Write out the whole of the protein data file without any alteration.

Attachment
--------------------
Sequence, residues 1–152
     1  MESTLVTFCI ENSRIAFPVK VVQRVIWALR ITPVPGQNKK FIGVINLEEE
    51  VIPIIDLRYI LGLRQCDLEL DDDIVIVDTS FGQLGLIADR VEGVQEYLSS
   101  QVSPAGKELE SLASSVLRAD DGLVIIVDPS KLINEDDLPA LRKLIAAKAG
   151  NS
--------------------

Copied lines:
Sequence, residues 1–152
     1  MESTLVTFCI ENSRIAFPVK VVQRVIWALR ITPVPGQNKK FIGVINLEEE
    51  VIPIIDLRYI LGLRQCDLEL DDDIVIVDTS FGQLGLIADR VEGVQEYLSS
   101  QVSPAGKELE SLASSVLRAD DGLVIIVDPS KLINEDDLPA LRKLIAAKAG
   151  NS